I remember being in Ramallah in 2002 when the Israelis had the major incursion there and surrounded Yasser Arafat. And I won't mention who, but one of our major competitors and I helped each other out. They did something for me. I did something for them.

And it's just how you work. It does cease to be as fiercely competitive when your lives are on the line.

KURTZ: All right. Michael Holmes in Baghdad. We appreciate it. We'll be checking back with you throughout the day for an update on this unfortunate situation.

Well, joining us now here in Washington, Craig Crawford, columnist for "Congressional Quarterly" and the author of "Attack the Messenger: How Politicians Turn You Against the Media."

Karen Tumulty, national political correspondent for "TIME" magazine.

And John Fund, columnist for "The Wall Street Journal." Joining us from New York. Welcome.

Let me talk a little bit more about Bob Woodruff, Karen Tumulty. You have had colleagues go there, and Michael Weisskopf -- I was trying to think of his name -- wounded, lost a hand in that.

This is awfully dangerous work, even by the standards of war reporting for people in our business, is it not?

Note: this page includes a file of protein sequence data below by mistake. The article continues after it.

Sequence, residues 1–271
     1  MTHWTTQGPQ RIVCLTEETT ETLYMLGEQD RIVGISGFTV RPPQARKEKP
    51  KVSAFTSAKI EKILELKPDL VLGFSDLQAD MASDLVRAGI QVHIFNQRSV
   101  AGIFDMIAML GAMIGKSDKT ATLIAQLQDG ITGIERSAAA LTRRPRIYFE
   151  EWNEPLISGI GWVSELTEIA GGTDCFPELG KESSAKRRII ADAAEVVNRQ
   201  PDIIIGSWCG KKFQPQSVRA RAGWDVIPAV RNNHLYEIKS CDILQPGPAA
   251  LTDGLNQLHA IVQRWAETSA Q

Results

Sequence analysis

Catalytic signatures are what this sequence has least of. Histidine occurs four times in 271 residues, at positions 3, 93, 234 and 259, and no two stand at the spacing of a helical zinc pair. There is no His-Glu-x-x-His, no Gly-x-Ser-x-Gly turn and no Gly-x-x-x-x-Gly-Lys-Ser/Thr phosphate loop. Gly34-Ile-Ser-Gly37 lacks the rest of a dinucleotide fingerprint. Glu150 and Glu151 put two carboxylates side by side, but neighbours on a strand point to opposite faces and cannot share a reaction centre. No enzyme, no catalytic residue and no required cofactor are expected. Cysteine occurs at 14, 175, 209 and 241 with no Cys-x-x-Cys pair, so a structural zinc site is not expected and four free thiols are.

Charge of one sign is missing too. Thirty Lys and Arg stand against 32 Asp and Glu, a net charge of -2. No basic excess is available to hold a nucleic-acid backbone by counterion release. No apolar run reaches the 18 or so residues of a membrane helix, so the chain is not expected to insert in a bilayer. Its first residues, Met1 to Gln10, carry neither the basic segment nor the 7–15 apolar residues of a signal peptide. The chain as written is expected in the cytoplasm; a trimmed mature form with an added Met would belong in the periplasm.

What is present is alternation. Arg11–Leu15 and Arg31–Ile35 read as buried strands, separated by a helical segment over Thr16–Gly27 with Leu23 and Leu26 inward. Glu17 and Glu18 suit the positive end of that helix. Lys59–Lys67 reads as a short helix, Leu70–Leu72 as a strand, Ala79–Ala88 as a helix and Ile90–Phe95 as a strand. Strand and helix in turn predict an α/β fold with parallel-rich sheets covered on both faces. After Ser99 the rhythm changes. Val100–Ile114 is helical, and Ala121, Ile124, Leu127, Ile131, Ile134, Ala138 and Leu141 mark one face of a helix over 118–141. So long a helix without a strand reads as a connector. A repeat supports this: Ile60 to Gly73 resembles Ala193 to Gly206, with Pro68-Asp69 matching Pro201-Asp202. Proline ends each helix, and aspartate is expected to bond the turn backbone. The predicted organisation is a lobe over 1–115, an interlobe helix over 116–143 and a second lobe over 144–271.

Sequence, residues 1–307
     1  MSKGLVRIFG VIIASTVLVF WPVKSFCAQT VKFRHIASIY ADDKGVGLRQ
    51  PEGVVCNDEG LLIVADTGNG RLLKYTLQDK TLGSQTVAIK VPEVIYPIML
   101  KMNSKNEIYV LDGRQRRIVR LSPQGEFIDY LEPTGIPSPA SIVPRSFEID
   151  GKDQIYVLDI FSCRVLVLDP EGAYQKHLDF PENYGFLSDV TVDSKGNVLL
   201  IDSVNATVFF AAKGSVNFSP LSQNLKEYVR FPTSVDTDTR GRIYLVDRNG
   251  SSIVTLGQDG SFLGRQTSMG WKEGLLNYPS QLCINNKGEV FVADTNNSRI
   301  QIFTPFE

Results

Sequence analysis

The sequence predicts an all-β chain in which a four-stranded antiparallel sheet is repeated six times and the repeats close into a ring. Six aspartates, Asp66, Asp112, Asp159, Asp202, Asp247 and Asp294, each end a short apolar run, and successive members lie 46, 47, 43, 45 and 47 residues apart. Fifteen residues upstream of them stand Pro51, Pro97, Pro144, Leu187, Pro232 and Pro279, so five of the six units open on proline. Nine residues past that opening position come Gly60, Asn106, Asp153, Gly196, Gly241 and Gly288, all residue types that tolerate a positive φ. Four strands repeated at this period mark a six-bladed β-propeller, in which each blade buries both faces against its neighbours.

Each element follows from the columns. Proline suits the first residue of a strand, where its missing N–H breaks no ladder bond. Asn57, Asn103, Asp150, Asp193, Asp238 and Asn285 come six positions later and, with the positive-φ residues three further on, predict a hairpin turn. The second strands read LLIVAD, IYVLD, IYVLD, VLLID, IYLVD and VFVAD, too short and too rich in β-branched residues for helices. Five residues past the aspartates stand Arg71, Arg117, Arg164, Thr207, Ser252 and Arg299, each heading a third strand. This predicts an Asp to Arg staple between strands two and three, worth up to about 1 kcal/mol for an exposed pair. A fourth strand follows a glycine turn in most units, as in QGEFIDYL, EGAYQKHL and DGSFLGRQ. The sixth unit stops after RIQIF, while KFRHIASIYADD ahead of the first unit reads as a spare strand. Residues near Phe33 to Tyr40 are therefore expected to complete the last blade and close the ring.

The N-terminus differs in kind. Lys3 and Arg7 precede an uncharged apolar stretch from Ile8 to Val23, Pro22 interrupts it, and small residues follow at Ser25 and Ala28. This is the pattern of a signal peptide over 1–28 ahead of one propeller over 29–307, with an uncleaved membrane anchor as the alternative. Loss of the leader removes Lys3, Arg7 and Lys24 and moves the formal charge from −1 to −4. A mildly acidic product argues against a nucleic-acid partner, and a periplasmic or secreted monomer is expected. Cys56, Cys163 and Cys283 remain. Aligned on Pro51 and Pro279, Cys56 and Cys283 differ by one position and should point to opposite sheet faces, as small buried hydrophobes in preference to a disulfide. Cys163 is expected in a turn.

KAREN TUMULTY, "TIME": Absolutely. And every news magazine and newspaper and news organization has to make then a calculation of how much they really want to put their journalists in danger and how much of the reporting then is done from within the Green Zone. And there is really attention there, and it's made it, you know, both physically and journalistically very difficult to report this war. I think probably more so than any other conflict in the past.

CRAIG CRAWFORD, CONGRESSIONAL QUARTERLY: You go back to former wars. We're approaching the same levels of journalists killed. In World War II, it was in the high 60s, as it was in Vietnam. The first Persian Gulf War, only four.

This war is taking quite a toll on journalists.

KURTZ: Right.

John Fund, a quick thought on your reaction to the news this morning?

JOHN FUND, OPINIONJOURNAL.COM: We have sent my colleague Rob Pollack (ph) to Iraq many times. We're always concerned about him when he goes. And I personally -- my nephew Michael is with the 7th Marine Division. He was trapped in a bombing incident very similar to that and injured, so I certainly sympathize with Bob and the others.

KURTZ: It takes on a whole different dimension when you know something personally. And I, of course, just said good-bye to Bob Woodruff on Monday when he went off on his trip, not really concerned about the danger.